It is believed that if you want to become a writer, it is not at all necessary to purposefully study this profession. Most of the classics received education in other areas (for example, legal, medical, philosophical). But they were all highly educated people, versed in art and linguistics, traveled a lot, had diverse interests. This trait – curiosity, interest in other aspects of life, the desire to unravel and learn something – is the main thing for any writer.
Learning to write, on the other hand, gives you the opportunity to broaden your horizons, gain relevant experience, meet professional writers – learn the ins and outs of creative work.
Writing faculties and courses appeared only at the beginning of the 20th century. In 1936, a program of writing courses at the University of Iowa was launched in the United States, giving a master’s degree in the field of arts (by the way, this happened three years after the opening of the A.M. Gorky Literary Institute in Moscow), in England, the first similar program appeared and appeared at all in 1970, at the University of East Anglia.
Almost every university and college in the UK offers writing programs at various levels, from Bachelor of Fine Arts and Master of Fine Arts to PhD in Creative Writing. And hundreds of other courses (short and long term – weekly, monthly, yearly, weekend) that offer training in writing skills. Some of them work on the principle of group discussion of texts, in others you work individually with a mentor who regularly gives you assignments and comments on the texts you have written.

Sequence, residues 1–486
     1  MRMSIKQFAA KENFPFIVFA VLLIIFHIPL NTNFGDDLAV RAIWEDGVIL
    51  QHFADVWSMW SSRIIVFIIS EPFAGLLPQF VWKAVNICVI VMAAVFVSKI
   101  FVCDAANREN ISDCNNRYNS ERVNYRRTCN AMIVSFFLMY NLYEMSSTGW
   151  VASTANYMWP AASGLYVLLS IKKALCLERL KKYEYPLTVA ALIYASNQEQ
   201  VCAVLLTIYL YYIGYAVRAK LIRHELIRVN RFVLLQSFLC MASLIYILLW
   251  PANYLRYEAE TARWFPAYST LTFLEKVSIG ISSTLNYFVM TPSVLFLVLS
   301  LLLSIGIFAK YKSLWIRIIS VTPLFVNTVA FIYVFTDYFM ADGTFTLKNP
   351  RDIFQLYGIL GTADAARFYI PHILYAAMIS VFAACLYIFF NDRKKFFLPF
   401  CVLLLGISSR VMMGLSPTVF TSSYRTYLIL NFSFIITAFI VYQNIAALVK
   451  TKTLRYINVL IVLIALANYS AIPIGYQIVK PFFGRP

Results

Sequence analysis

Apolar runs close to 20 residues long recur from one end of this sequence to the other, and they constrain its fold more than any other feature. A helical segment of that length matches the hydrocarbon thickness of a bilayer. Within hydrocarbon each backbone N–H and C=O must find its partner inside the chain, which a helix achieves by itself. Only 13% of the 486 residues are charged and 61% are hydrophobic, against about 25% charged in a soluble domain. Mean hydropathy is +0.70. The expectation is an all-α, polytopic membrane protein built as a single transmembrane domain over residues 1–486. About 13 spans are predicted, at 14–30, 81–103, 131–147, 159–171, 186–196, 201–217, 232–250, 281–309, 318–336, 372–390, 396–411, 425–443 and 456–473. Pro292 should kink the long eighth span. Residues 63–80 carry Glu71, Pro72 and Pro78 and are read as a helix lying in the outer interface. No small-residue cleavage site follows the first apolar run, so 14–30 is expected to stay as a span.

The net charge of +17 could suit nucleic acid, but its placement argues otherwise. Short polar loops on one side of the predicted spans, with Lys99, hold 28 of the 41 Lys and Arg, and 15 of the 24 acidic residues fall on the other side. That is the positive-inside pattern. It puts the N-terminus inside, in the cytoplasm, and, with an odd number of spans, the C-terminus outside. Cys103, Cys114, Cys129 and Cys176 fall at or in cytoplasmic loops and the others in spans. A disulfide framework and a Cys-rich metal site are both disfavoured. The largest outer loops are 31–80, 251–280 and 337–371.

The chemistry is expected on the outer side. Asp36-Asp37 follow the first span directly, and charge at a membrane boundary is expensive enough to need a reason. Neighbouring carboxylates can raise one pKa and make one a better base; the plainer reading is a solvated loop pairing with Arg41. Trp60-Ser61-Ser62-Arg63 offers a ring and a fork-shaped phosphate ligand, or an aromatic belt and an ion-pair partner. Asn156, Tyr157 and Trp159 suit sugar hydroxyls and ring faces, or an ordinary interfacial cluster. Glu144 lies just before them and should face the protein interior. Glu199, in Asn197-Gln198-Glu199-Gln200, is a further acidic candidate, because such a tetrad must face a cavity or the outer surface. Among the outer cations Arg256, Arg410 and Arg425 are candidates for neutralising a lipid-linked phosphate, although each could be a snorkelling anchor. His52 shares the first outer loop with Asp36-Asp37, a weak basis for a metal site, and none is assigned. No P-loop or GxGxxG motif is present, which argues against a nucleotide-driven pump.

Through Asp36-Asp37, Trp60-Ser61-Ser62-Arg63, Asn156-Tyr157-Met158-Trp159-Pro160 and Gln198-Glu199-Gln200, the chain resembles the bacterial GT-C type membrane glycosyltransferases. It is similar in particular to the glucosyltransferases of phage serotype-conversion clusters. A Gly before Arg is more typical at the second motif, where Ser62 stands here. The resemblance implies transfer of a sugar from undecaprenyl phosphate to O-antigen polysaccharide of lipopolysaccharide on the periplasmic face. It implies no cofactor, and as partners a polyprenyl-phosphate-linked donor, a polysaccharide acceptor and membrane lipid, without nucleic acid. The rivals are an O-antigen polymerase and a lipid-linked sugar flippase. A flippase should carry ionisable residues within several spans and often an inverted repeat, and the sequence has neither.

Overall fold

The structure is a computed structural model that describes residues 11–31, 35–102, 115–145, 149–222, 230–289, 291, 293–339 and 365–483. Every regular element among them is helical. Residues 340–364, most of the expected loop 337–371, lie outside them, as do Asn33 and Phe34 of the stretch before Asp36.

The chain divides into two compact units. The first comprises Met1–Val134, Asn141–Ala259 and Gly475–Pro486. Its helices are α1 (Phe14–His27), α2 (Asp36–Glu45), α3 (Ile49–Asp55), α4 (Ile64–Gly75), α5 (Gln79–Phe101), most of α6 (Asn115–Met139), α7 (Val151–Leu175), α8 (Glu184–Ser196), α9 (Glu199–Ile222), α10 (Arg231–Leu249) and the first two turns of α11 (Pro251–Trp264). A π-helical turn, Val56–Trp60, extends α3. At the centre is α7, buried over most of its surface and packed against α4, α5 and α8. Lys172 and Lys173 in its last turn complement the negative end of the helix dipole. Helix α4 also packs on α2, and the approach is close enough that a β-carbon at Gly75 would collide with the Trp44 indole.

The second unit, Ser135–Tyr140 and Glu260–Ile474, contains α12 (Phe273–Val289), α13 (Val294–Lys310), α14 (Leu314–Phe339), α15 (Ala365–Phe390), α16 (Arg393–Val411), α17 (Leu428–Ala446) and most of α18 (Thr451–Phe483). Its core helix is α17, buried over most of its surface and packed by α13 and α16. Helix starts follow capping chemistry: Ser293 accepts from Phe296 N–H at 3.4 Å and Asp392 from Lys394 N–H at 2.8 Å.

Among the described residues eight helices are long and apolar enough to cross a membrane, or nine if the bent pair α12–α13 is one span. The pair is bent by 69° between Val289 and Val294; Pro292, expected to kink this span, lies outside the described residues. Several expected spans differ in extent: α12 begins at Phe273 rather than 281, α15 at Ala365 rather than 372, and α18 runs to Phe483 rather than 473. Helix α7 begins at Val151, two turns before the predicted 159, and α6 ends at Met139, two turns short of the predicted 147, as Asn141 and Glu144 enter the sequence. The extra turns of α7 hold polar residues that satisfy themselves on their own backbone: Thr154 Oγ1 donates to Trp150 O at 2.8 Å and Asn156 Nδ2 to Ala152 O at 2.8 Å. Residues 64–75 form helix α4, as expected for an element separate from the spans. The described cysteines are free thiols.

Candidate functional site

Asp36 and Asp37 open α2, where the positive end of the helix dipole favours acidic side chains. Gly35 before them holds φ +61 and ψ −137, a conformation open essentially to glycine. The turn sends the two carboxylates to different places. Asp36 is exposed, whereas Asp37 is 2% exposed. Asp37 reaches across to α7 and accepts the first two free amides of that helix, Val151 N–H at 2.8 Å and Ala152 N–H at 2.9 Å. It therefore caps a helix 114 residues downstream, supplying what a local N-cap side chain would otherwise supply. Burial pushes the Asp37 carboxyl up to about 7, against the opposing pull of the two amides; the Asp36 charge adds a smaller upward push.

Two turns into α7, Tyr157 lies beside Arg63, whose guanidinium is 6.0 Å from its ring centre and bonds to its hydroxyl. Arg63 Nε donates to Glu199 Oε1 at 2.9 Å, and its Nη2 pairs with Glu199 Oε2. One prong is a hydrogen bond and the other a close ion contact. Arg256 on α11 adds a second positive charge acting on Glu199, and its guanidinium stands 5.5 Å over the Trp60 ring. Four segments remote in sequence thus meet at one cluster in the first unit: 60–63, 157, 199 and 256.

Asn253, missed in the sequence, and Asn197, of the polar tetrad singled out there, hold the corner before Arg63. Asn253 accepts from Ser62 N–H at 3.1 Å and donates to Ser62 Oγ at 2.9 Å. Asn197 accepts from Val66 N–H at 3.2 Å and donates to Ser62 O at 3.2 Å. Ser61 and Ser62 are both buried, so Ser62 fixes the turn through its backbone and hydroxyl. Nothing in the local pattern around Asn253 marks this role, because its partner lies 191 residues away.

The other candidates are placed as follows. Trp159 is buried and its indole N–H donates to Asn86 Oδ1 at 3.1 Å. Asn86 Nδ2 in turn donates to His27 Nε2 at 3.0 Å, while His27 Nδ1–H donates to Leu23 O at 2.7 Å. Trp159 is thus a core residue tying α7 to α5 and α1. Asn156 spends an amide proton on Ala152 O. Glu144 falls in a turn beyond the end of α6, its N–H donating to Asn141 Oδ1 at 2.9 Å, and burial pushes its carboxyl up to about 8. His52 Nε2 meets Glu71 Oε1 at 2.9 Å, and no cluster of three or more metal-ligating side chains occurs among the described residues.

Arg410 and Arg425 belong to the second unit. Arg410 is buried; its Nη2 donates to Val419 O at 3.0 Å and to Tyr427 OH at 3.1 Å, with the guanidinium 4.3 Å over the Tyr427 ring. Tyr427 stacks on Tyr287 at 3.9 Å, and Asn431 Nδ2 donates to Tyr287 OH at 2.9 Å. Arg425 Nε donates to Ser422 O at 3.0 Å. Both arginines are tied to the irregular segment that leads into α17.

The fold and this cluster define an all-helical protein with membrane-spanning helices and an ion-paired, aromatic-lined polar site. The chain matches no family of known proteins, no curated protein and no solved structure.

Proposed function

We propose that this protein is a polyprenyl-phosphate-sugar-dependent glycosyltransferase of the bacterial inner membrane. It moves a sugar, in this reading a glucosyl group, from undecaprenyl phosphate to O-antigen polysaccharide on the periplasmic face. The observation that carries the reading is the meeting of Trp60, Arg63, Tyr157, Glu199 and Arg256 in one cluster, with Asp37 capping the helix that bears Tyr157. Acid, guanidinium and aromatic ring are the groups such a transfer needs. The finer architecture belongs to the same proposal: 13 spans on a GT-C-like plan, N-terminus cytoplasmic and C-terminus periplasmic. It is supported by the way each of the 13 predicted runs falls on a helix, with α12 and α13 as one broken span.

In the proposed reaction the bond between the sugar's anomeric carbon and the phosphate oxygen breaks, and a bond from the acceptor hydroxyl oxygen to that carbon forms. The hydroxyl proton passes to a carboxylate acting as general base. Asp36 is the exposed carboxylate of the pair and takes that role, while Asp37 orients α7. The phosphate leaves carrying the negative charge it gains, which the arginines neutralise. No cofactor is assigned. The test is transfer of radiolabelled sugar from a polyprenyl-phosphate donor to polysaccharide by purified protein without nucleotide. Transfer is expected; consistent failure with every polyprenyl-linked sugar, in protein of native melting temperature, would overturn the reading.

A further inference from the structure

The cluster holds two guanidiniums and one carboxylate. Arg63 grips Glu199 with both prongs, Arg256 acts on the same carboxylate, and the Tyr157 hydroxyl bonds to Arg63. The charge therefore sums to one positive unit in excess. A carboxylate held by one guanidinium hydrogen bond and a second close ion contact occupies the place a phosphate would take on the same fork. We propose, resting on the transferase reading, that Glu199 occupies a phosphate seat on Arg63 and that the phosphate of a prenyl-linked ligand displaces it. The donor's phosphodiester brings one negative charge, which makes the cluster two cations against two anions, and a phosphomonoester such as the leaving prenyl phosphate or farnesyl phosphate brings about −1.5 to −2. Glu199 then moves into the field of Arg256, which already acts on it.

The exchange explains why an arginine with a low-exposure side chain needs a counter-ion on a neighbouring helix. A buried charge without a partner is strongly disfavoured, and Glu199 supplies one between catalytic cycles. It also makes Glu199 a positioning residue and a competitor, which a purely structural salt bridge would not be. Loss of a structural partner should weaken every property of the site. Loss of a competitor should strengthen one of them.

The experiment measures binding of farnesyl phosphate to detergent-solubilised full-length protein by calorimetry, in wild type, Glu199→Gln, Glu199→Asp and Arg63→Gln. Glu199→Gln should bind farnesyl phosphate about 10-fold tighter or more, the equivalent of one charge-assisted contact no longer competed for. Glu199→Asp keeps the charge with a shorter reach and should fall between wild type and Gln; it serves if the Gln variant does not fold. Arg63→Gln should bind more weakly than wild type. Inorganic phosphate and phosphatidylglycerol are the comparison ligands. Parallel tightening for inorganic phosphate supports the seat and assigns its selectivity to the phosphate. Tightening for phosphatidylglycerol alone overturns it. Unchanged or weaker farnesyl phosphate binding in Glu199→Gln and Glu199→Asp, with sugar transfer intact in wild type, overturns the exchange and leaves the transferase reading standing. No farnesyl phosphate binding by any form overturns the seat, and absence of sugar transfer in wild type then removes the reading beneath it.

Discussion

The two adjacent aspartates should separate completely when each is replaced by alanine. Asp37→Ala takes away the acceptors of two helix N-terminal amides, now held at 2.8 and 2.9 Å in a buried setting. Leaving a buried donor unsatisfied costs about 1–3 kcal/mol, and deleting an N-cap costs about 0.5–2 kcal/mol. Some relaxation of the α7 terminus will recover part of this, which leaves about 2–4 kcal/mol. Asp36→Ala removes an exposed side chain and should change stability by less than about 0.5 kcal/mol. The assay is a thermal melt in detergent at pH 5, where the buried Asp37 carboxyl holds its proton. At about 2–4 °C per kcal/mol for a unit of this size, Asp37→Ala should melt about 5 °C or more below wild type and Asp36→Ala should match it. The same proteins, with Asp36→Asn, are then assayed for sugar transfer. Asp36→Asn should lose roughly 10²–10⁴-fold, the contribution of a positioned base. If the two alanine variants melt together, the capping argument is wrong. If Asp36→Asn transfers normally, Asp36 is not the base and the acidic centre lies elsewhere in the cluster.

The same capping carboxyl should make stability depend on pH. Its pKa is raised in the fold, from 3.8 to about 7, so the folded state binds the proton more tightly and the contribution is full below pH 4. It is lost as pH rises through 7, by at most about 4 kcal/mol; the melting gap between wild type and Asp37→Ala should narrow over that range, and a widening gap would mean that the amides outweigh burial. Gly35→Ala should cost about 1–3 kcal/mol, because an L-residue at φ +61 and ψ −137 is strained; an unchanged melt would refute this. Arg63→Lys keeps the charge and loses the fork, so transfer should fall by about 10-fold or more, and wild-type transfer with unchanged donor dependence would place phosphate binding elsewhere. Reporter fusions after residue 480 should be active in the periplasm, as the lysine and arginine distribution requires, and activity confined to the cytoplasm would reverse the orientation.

According to the Complete University Guide, the top 10 best universities in the UK to study writing include Lancaster University, University of Birmingham, University of Warwick, University of Newcastle, King’s College Holloway, Queen’s University of Belfast, University of Nottingham, South Bank University of London, University of East Anglia and the University of Surrey.
Writing skills at universities are taught by professionals in their field – accomplished writers with doctoral degrees or professors (some of them are laureates of numerous literary awards, some have published one or two books).
Everything on the shelves
In universities, as a rule, the course of writing skills, especially at the initial stage (bachelor’s degree), is taught along with disciplines such as English, journalism, media, advertising. This gives the student the opportunity to choose the direction that he likes the most by the end of the training.
At the initial stage, in contrast to graduate and postgraduate studies, courses consist of several modules that allow students to try their hand at various genres: poetry, prose, criticism, literary criticism, drama, journalism, editing.
In the last year of study, students must submit their own project, which includes creative work in the chosen literary direction (prose, poetry, screenplay, children’s literature, etc.) and a critical analysis of this work. Master’s and postgraduate studies differ in that the student is engaged exclusively in one chosen direction, and the volume of work is about 15 thousand words for a master’s degree and 100 thousand words, respectively, for a doctoral dissertation.
The secret of motivation
Before entering the faculty of writing (spending several tens of thousands of pounds and your own time), you need to answer a few questions. Why do you want to go there? When? What do you want to get in the end?